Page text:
Yesterday, New York Times executive editor Jill Abramson - the first woman to hold that position for the paper - was unexpectedly fired, reportedly because she attempted to bring on a new co-managing editor without consulting the managing editor already at the paper or the publisher, though there is also a persistent rumor that it was because she addressed a pay gap between herself and her predecessor. Today, the first woman managing editor for French paper Le Monde resigned, claiming that she was being undermined, drawing more attention to journalism and media's woman problem. [more inside]
The New York Times has detailed a successful 4-month hacking campaign by China, infiltrating its computer systems and acquiring passwords for reporters/employees. The campaign was likely in retaliation for the NYT investigation of the wealth amassed by relatives of Chinese Prime Minister Wen Jiabao. Following the NYT announcement, the Wall Street Journal announced that it too was hacked last year. The Washington Post may also have been infiltrated. Slate asks if this could have a chilling effect on journalists writing about China. [more inside]
The New York Times launches digital subscriptions, only for Canadians at the moment and on March 28 for everyone else. Packages start at $3.75/week. Readers will be allowed 20 free articles a month sans subscription. (previously, previously)
Last week, the New York Times magazine published an explosive article about the phone-hacking exploits at the Rupert Murdoch-owned British tabloid News Of The World under the then-editorship of Andy Coulson, now the the Government's chief of communications. Following the NYT's investigation, questions about the "unhealthy" relationship between the Metropolitan Police and the press (particularly Murdoch's News International, which also includes The Sun, The Times and the Sunday Times), and further claims that an independent inquiry was abandoned so as not to upset the Metropolitan Police, assistant Met Commissioner John Yates was questioned [video; 4 mins] on Tuesday by the Home Affairs select committee. Following an emergency debate in Parliament today, which concerned the fact that MPs of all parties may have had their phones hacked (and therefore had their Parliamentary Privilege breached), the Standards and Privileges Committee, the most powerful committee in Parliament, is to open an inquiry which will be able to compel witnesses to give evidence. Meanwhile, former News of the World reporters are coming out the woodwork, claiming that hacking at the paper was "rife", and the pressure is on Coulson to resign his £140,000 job at No. 10, with a poll [pdf] which says 52% of the public says he should go. [more inside]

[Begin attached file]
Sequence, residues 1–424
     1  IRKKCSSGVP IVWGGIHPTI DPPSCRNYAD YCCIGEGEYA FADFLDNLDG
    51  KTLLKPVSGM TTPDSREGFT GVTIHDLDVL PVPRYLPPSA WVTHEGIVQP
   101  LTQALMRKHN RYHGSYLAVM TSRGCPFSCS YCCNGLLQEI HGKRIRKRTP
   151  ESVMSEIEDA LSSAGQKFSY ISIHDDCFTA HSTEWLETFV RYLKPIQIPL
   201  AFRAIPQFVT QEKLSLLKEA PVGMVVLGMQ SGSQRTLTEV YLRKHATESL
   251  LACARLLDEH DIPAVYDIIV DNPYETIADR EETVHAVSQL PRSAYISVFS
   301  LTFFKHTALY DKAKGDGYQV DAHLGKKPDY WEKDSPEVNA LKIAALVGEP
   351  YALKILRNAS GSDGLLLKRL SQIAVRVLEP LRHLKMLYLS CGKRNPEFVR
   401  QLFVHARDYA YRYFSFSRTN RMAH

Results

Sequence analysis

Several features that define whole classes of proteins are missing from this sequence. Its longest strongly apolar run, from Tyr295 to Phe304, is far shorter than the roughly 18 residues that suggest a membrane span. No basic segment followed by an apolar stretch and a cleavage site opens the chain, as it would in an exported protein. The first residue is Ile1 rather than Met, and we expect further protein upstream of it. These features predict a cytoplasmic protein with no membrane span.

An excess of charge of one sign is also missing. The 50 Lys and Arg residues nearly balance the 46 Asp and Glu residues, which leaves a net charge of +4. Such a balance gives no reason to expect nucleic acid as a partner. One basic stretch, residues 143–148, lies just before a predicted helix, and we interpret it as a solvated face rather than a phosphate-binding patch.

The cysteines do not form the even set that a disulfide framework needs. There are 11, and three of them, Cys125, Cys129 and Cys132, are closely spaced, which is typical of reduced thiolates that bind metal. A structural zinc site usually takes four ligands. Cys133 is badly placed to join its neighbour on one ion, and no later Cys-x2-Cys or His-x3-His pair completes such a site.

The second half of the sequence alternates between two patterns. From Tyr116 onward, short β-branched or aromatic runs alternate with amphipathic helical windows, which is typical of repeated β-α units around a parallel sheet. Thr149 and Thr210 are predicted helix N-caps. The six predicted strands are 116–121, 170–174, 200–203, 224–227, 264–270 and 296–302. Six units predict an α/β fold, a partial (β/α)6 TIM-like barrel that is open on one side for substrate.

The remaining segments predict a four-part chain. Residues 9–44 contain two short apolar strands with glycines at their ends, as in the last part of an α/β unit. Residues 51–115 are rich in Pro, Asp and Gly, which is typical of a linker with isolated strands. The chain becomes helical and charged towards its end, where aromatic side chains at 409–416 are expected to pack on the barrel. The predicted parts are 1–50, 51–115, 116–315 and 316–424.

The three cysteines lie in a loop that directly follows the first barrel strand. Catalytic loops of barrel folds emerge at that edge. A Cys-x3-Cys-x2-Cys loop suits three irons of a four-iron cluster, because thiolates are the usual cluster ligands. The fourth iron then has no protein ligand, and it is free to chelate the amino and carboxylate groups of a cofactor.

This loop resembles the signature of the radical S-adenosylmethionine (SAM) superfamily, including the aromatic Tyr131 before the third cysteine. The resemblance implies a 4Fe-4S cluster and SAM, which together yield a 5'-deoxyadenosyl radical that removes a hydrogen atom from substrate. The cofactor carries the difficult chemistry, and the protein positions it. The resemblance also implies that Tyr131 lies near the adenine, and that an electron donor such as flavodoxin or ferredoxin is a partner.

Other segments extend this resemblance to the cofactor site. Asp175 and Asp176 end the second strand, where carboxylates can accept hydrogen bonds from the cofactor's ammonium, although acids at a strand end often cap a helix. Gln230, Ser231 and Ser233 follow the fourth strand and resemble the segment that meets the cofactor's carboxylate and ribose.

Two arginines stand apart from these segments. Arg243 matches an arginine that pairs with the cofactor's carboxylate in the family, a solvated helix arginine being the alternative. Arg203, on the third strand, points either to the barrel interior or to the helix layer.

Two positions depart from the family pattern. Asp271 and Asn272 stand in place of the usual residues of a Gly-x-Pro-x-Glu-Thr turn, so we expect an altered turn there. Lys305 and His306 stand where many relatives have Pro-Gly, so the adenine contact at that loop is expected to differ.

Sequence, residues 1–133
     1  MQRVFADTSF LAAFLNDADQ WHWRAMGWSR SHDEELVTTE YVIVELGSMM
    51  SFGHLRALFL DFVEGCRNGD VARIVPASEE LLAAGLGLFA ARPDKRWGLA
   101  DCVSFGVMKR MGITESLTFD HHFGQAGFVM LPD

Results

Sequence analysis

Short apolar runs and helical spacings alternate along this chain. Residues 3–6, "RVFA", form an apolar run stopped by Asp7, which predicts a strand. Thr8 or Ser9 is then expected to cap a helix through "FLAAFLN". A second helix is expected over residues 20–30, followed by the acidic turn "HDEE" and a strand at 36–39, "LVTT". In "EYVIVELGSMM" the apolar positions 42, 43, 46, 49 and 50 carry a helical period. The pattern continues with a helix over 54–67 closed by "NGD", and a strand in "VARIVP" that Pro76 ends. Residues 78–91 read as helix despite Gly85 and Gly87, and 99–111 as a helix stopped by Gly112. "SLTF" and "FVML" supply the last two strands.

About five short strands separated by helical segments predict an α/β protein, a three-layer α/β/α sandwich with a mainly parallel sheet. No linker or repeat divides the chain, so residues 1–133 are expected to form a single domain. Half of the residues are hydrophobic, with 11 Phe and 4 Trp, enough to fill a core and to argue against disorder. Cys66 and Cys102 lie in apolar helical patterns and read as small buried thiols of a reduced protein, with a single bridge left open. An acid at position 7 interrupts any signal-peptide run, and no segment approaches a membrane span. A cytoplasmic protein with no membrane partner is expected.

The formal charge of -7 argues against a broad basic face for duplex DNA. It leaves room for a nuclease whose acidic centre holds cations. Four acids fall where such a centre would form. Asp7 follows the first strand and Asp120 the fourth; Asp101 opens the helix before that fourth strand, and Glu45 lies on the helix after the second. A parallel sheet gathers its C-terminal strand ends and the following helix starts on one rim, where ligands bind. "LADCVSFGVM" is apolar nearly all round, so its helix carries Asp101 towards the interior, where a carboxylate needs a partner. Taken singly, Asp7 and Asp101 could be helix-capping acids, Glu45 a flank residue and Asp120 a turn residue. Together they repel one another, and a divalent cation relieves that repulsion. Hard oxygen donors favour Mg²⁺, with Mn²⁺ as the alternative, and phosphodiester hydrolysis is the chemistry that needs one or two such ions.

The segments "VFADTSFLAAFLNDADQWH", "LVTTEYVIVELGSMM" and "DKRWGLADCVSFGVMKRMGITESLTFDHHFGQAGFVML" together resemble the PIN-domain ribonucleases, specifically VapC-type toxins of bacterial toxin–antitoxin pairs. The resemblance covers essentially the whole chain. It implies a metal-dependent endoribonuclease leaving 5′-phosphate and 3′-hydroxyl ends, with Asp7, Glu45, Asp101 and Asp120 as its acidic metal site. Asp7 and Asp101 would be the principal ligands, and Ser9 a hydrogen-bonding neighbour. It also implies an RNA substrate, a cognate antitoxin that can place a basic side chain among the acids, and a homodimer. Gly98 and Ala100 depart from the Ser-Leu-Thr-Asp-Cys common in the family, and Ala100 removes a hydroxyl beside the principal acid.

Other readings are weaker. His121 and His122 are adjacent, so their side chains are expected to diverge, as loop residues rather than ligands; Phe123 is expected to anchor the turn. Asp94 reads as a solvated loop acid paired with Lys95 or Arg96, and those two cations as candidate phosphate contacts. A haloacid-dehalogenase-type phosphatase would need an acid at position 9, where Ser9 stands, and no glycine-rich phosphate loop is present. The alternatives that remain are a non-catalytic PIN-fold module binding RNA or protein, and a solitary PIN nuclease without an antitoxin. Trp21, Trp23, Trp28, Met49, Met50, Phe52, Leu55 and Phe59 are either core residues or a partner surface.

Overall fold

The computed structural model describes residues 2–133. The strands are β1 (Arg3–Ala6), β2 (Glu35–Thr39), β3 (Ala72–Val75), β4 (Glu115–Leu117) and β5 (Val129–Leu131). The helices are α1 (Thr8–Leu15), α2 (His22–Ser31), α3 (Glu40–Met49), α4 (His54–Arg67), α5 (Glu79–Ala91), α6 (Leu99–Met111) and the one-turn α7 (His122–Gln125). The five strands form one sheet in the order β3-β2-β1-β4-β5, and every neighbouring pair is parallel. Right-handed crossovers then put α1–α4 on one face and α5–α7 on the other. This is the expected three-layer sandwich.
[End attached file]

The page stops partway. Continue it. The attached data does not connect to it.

The Times Machine allows easy browsing of every edition from 70 years (1851-1922) worth of New York Times in the original format. Very cool.
In the wake of Rupert Murdoch's takeover of the Wall Street Journal, several of the paper's top reporters have left for safer ground. Among them is Tara Parker-Pope, who joined the New York Times on October 3rd. Her blog, Well, currently accounts for three of the paper's top ten e-mailed stories: in addition to number 1, Five Easy Ways to Go Organic, she has number 5, Shhh...My Child Is Sleeping (in My Bed, Um, With Me), and number 8, Drug-Resistant Staph: What You Need to Know. Touché Rupert.
"War Made Easy" A Movie On How Government Deception and the Conservative Media (includeds NYT & NPR, national pentagon radio) has fostered War.
“War Made Easy" is a documentary with Sean Penn narrating, and is based on a book by Norman Solomon . This is an award winning expose on how the American Public has been led into a 50-year pattern of government deception and spin, dragging the United States from one war into another. Remarkably this film exhumes archival footage of official distortion and exaggeration from LBJ to George W. Bush, revealing in stunning detail how the American news media have uncritically disseminated the pro-war messages of successive presidential administrations. Brutally persuasive this film presents disturbing examples of propaganda from those we want to believe in.
The Emperor's New Hump In the weeks leading up to the November 2 election, the New York Times was abuzz with excitement. Besides the election itself, the paper’s reporters were hard at work on two hot investigative projects, each of which could have a major impact on the outcome of the tight presidential race. One week before Election Day, the Times (10/25/04) ran a hard-hitting and controversial exposé of the Al-Qaqaa ammunition dump—identified by U.N. inspectors before the war as containing 400 tons of special high-density explosives useful for aircraft bombings and as triggers for nuclear devices, but left unguarded and available to insurgents by U.S. forces after the invasion. On Thursday, just three days after that first exposé, the paper was set to run a second, perhaps more explosive piece, exposing how George W. Bush had worn an electronic cueing device in his ear and probably cheated during the presidential debates.
Is The New York Times a Liberal Newspaper? Of course it is. By Daniel Okrent, New York Times
Ombudsman Public Editor. (reg. req'd)
Times Reporter Who Resigned Leaves Long Trail of Deception The New York Times runs a long article detailing its preliminary findings in the matter of Jayson Blair, The Times' young staff reporter who made up sources, facts, and anecdotes in potentially hundreds of stories. Does this investigation help the Times avoid permanent disgrace? Or does this just confirm what you've always thought about the Times? Slate magazine is attributing part of the problem to affirmative action (Blair is black). Is AA relevant here?
Is the NY Times ranking its stories by "popularity" as they say, or as this writer suggests, what's "interesting"?